wet exhaust

Discussion in 'Mopar Exhaust Systems' started by darepairman, Sep 13, 2018.

  1. darepairman

    darepairman Well-Known Member

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    nowI have a 72 Dart with a 318 headers and 2.250 duels that exit each side just in front of the tires. I had glass packs on it and they had too much of a crack to them so I went to Flomaster super 44s. now when I run it I get fluid spraying out of the exhaust. it don't smell like gas or feel like oil. could this be a condensate problem or is the timing just a coincidence and I need to look somewhere else?

    Thanks in advance
    Ed/
     
  2. DesertRat

    DesertRat I don't care it's all psychobabble rap to me. FABO Gold Member

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    For me step one would be determining what it is.
     
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    • Alaskan_TA

      Alaskan_TA Well-Known Member

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      Condensation in exhaust systems is common.

      Some factory systems even had drain holes.
       
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      • Tooljunkie

        Tooljunkie King of cobble/master of the broken bolt FABO Gold Member

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        For every gallon of gas you burn a gallon of water is produced.
        It only does it during warm up i imagine,once exhaust heats up, the condensed water is cooked out of exhaust system.
         
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        • darepairman

          darepairman Well-Known Member

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          thanks for the replies, ya its water I am sure, I just didn't have this with the glass packs. I will have to warm it up and see. Ill post what happened tomorrow
           
        • Plymouth 65

          Plymouth 65 Floorable Deplorable

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          H2O is a byproduct of complete combustion. My 340 exhaust tips have drain holes. Gone soon as she warms up, all good! 65'
           
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          • YY1

            YY1 Well-Known Member

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            Yes, theoretically a gas combustion engine should only produce carbon dioxide and water (IIRC).

            The more clean water you have dripping out of your exhaust, the cleaner and more efficient your engine is running.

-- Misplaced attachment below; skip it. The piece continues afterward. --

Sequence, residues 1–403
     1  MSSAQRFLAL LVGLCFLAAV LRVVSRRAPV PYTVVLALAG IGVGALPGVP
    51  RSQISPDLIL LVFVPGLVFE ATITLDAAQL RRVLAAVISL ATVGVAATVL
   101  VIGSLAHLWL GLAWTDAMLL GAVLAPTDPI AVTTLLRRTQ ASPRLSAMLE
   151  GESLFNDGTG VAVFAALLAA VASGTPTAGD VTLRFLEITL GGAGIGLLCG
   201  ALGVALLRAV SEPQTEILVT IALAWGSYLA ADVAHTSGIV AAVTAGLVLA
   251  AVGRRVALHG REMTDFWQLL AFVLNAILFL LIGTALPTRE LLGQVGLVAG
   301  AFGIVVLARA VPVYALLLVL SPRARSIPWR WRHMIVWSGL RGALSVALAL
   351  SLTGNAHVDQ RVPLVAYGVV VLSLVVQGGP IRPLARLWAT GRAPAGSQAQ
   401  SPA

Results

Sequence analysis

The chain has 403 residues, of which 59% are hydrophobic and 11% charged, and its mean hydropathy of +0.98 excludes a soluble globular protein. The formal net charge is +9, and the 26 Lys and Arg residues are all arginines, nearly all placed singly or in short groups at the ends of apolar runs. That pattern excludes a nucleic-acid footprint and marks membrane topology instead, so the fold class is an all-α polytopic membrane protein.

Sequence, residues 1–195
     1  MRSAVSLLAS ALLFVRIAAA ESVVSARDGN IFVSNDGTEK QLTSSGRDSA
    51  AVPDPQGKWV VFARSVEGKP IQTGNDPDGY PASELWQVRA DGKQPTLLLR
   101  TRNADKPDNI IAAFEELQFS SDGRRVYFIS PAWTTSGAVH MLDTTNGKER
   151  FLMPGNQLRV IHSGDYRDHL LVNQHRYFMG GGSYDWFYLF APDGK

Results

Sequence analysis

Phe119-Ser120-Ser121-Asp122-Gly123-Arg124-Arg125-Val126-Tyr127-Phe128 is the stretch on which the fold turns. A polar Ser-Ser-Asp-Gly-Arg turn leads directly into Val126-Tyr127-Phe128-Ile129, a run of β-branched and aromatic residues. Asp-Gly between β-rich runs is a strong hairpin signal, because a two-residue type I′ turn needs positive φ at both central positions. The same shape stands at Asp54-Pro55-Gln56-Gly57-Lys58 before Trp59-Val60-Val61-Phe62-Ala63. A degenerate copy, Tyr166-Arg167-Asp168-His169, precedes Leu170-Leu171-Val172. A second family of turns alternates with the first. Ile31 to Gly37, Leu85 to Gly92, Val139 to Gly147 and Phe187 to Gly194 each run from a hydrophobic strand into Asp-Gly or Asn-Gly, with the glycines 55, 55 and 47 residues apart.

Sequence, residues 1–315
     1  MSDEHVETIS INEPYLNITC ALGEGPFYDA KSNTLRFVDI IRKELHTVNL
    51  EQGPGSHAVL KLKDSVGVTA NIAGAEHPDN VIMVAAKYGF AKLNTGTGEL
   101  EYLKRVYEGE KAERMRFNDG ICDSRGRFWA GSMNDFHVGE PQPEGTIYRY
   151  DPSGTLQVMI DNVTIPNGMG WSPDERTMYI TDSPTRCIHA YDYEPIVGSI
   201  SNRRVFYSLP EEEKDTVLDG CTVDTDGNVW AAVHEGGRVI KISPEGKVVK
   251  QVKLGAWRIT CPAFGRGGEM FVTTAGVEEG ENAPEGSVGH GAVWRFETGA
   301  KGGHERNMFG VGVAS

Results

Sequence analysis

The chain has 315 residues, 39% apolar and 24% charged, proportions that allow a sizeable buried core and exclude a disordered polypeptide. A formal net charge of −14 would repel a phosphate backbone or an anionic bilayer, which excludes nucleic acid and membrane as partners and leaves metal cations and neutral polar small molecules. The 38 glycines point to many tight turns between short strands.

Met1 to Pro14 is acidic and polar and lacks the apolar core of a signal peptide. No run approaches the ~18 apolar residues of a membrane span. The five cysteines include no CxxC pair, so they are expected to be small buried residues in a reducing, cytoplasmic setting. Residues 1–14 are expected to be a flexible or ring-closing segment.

My 67 Coronet 318 dripped a significant amount of water, ran so smooth you could balance a pen on the air cleaner lid at 600 RPM and rev it, and got over 22 MPG highway.
             
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            • AJ/FormS

              AJ/FormS 367 FormS clone 3.09-1.92-1.40-1.09-.78od 3.55s

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              The glasspacks held the water in the packing, it was still there. Then it cooked out after the muffler warmed up.That's why cheap glasspacks usually rust out pdq.
              Your 44s IIRC are empty boxes, so there is nothing in them to prevent the incoming exhaust to blow across the water pooled inside them, and carry it the short distance to your dumps, as still a liquid.
              I drilled 1/8th" drain-holes at the lowest points of the mufflers, and also at the lowest points of my over-the-axle tailpipes, just for this reason. I'd rather have a bit of water on the floor, than blowing onto whatever is behind .
              My exhaust system is coming 19 years old and has no visible rust on it.Good thing! because that TTI stuff was not cheap; it's down to under $29 per year now.
               
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              • darepairman

                darepairman Well-Known Member

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                All good responces, I guess I have no problem. I was just kind of freaked at the situation I have never had this before, maybe I just pay closer attention to this car. Thanks
                 
              • j par

                j par Well-hung Member

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                yes if the water keeps flowing out after it's completely warmed up then you have problems! I was over at a friend's house and his kid was pouring water in his radiator and it was steadily coming out of his tail pipe! THAT'S A PROBLEM!
                 
              • YY1

                YY1 Well-Known Member

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                Not necessarily.

                That Coronet dripped about 6-8 drops per minute after being warmed up.
                It did NOT drip until it got warm.